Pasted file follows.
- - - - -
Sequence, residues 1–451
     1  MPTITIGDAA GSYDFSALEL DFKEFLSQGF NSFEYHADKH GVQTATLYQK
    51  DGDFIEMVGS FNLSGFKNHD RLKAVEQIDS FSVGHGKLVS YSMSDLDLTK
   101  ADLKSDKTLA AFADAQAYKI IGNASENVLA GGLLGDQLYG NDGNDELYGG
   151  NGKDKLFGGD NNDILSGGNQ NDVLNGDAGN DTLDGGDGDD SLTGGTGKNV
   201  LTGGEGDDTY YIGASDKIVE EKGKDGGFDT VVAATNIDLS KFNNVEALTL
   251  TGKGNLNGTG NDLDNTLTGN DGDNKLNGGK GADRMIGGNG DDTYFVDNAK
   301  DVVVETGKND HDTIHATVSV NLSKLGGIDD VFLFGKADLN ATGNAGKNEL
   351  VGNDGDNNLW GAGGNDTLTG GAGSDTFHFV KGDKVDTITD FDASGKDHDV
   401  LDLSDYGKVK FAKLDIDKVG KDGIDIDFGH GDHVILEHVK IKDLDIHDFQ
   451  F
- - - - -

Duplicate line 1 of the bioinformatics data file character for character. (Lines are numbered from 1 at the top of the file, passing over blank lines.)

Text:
Sequence, residues 1–451